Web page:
Skullcandy G.I Rasta Stereo Headphones

Test Setup & Results

Test Setup

As the Skullcandy G.I Rasta headphones are not designed for one specific market, I will be testing them on a total of three different set-ups. A variety of music (Rock, Chart, Rap, Garage & Hardcore) will be used on each test set-up with my personal opinion on the reproduction of the audio being noted at each point.

Test set-up 1: Sony QS STR-DB1080 Reciever, Technics 1210 MK2 Turntable, QED Phono Leads.
Test set-up 2: Creative Audigy 2 Soundcard, Windows Media Player.
Test set-up 3: Apple IPod 20gb - 4th Generation

For comparison I will also be using a pair of mid-range Technics RP-F290 headphones. A comparison in their specifications can be seen below:

  Skullcandy G.I Rasta
Technics RP-F290
Driver Diameter
40mm 40mm
Frequency Range
100-18,000Hz 10-27,000Hz
Max Input Power
400mW 1000mW
Impedance 50Ω 20Ω

Comfort Results

After wearing the G.I Rasta's for a total of 8 hours over the space of 3 days, I must admit finding them slightly uncomfortable. The faux leather ear pads certainly are very soft, but the circular shape of the ear cups means that the headphones do not cover your whole ear, instead squashing your ears flat up against the side of your head. This is also compounded by the fact that the headband is quite rigid and can lead to your head feeling like its been in a vice.

Sound Results

On all three of the sound systems tested with the G.I Rasta's, one thing was apparent - these headphones are designed for BASS. On low frequency tracks such as "Leviticus - Burial", the G.I's managed to produce masses of the stuff at high volumes without any distortion. Now I have to admit being quite a bass junkie, but on playing Hot Chip's "Over and Over" I found myself turning the bass levels down just to prevent the feeling of the hairs in my eardrums being flattened! Of course, good headphones are about more than just good bass reproduction, and with this in mind I moved on to some more sonically challenging tracks...

Starting off with Massive Attack's "Unfinished Sympathy", the Skullcandy G.I's disappointed in so many ways. Not only was there a distinct lack of any high range frequencies, but vocals seemed distorted and the song as a whole sounded like it was being played back from an old cassette. Moving on to Nickelback's "This is how you remind me" didn't improve matters, once again sounding like I was listening to the track wearing a pair of earplugs.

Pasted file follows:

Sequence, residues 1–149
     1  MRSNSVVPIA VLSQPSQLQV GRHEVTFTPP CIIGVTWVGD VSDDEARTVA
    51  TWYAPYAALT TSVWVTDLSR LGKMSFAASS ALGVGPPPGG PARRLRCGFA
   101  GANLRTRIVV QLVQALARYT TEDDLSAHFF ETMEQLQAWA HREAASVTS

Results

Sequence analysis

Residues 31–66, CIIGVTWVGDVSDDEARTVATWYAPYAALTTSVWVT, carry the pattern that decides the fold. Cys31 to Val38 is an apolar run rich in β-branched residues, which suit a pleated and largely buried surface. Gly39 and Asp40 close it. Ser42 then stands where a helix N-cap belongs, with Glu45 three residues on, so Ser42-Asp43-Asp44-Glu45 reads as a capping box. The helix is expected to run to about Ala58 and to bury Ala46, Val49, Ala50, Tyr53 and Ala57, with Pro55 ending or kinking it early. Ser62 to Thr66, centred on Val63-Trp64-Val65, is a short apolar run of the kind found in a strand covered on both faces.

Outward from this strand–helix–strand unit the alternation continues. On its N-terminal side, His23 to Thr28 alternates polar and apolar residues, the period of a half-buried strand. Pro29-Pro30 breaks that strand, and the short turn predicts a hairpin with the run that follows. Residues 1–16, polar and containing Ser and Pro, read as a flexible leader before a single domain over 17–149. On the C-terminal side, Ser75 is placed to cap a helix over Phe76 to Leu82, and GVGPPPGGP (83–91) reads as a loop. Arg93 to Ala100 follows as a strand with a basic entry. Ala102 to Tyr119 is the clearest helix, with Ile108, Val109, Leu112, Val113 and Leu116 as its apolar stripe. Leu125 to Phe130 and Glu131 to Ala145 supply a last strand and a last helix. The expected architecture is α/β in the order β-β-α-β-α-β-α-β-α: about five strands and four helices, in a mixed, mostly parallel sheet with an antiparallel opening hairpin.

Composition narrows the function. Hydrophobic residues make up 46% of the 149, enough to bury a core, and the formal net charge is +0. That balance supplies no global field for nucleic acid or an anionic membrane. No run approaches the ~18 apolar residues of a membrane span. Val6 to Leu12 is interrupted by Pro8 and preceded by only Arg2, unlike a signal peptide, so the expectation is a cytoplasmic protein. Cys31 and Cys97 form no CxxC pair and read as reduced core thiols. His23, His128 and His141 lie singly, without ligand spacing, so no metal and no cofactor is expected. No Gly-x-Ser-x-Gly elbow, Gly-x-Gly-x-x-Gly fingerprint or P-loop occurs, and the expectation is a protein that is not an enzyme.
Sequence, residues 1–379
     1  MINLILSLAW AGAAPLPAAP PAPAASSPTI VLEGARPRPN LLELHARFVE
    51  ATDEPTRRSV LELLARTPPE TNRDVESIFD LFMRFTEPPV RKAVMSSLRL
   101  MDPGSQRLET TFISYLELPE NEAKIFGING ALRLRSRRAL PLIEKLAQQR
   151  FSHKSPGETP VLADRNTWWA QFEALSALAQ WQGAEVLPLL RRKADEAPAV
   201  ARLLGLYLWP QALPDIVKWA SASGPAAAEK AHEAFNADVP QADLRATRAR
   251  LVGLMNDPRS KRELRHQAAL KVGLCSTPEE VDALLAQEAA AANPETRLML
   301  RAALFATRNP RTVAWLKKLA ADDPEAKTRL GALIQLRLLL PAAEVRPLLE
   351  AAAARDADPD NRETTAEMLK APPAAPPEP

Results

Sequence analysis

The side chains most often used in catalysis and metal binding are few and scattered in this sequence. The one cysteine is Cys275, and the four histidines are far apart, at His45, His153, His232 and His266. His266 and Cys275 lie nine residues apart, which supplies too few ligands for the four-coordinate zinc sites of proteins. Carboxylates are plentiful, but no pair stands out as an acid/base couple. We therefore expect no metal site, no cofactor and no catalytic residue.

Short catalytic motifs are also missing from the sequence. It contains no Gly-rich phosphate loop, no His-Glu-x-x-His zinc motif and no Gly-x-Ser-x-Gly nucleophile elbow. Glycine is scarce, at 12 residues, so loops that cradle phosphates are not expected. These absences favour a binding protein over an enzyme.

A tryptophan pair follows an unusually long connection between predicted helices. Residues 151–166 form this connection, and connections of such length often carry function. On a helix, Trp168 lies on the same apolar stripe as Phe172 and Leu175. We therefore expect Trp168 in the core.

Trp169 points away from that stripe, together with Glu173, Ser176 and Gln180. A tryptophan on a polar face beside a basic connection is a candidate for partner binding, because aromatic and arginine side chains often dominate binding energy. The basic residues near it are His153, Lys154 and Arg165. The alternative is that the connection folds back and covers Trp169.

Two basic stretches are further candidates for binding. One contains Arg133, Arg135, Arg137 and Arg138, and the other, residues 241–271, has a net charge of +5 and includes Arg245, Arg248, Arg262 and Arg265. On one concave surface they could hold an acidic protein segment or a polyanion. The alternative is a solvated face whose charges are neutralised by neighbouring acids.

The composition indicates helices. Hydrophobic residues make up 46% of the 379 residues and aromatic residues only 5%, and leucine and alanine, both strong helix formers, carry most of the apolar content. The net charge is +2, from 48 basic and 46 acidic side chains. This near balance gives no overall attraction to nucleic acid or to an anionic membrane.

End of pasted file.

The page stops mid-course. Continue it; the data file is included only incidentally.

Switching between the Skullcandy and Technics headphones was almost a night and day difference, with the Skullcandy's not being able to come anywhere near the full frequency range output of the Technics. Overall, there's no way I'd consider the G.I Rasta's for anything more than giving yourself a headache with the excessive bass levels.
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Most Recent Comments

23-07-2007, 07:50:57

Shame, you would think something that oddly coloured would have something up its sleeve. Companies just dont seem to know what good sound is these days!Quote

23-07-2007, 07:56:18

Originally Posted by name='llwyd'
Shame, you would think something that oddly coloured would have something up its sleeve. Companies just dont seem to know what good sound is these days!
Yeah, after reading a bit about them I had quite high hopes. If they had decent treble then they'd be a lot more bearable as the bass does indeed cave your head in.Quote

23-07-2007, 20:59:06

The colour is the main issue with it.

I like all my items to be black/silver, lookin very sylish,

but i suppose its something different Quote

24-07-2007, 05:04:50

Mr. Smith

As you can see, the G.I Rasta's have a frequency range of 100-18,000Hz, an impedance of 50ohms and a maximum input power of 400mW. On paper this seems to make the headphones sound quite restrictive, especially when you consider that the headset we are comparing the G.I Rasta's today has a frequency response of 10-27,000Hz and a maximum power input of 1000mW.

Once I read that, I pretty much guessed these would fail to impress... The words steaming and turd spring to mind!Quote

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